Thanks to my insistence to hike with the dogs on my last day home, I put myself in a frenzied situation where I was packing and preparing until 1 AM Saturday night.  That’s all fine and good except I needed to leave at 4:30 AM Sunday morning to get to Greensboro in time for my flight!  Needless to day, Sunday was a tiring day.  But all in all with such little sleep, every leg of the journey went by exceedingly smoothly.  Even my wee hour drive to Greensboro got kicked off with a bang.  As soon as I turned on the car, James Blunt’s “Your Beautiful” came on the radio. 

That song always reminds me of skiing!  Last year, Carolyn and I were skiing a sparse weekday at Snowshoe and that song was playing at one of the lift loading stations.  I was fond of that song already, but it was so much better as Carolyn and I ascended up the mountain and listened to it slowly fade away under the whir of the lift and the silence of the fresh mountain snow.  With that one song on my car radio, I was suddenly in the mood for winter again. 🙂

First Ski Day
Yesterday was my first day on the slopes.  Our crew currently includes Kipp, Stacy, Mike Newman, myself, Paul (Kipp’s brother) and Sarah (Kipp’s brother’s girlfriend).  At first, I thought, “This isn’t that much different than the east coast”, but then as our adventure progressed the views got exponentially more beautiful.  Sometimes, it felt like I was in a movie, all the scenery just did not seem real.  Riding up the chair lifts is a whole different experience because you have so much to look at.  And sometimes, a flat section was a bonus because you could afford to absorb the views (and rest your weary legs).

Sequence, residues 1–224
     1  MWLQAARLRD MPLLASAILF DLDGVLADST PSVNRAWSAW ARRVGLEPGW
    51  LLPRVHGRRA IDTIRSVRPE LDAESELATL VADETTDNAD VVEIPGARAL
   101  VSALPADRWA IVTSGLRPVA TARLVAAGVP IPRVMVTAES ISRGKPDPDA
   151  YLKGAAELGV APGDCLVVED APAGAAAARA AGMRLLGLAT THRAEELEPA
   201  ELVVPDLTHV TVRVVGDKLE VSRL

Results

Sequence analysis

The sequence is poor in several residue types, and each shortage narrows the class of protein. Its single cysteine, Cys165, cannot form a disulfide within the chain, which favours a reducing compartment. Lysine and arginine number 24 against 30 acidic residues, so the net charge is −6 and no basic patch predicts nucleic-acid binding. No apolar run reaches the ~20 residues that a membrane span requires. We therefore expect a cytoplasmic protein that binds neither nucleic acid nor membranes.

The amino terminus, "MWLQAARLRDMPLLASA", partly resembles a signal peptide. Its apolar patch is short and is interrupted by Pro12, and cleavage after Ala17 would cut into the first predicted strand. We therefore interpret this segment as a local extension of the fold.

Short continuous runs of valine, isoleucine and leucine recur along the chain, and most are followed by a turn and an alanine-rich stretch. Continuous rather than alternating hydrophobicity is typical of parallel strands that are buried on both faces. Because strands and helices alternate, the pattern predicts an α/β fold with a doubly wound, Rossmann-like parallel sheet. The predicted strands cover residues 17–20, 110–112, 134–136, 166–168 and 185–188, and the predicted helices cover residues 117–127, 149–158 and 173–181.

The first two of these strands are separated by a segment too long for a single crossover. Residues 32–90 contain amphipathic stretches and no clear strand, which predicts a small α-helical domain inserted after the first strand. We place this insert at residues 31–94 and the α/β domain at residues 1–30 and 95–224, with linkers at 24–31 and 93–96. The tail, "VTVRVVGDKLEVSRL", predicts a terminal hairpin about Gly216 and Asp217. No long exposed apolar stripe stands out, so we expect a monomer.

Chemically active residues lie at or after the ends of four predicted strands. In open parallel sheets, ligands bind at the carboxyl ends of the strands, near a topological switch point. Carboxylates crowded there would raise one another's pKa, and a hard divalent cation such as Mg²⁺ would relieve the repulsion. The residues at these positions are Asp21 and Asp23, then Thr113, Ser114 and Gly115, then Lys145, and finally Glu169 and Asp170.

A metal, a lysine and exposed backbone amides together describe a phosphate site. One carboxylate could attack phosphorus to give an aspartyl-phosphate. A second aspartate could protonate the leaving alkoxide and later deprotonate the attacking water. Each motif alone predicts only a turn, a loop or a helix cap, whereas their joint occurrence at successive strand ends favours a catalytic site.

Last night, we had a wonder dinner at Ti Amo in West Vail/Avon.  It was expensive like all our meals here, but it was well worth the extra expense.  It was far above the caliber of the $5 bottle of Gatorade I had at the Two Elks Lodge.  🙂  I had a pasta entree that featured jumbo shrimp, garlic, mushrooms, a cream sauce (not cheese!) and sun-dried tomatos.  Very good.

We’ve had some casualties so far– Kipp sprained his thumb.  Stacy got sunburn and Kipp got a nice extended snow burn on his back.  Nonetheless, everyone is still having great fun. 

My new cell phone camera proved to be useful yesterday.  I took some pictures from the slopes and thanks to Flickr’s upload capability, I was able to upload them live from the slopes.  Here are a couples of pictures:


Mike Newman, Me (in my Rocky Mountain National Park shirt), Stacy

More of our Vail pictures are available on my Flickr site

March 27, 2007 at 12:25 pm 2 comments

Spring Plans – Skiing

I do more in the Spring than just Lent and a birthday hike (FYI cheese fast commences tomorrow).  Yesterday, I finalized my travel arrangements for a trip to Vail at the end of March (3/24 – 3/31).  My partners in crime are Stacy and Kipp.  I’m very excited about this trip.  If you are going to be in the area and want to join us for a day of skiing or would like to meet up for a meal, let me know.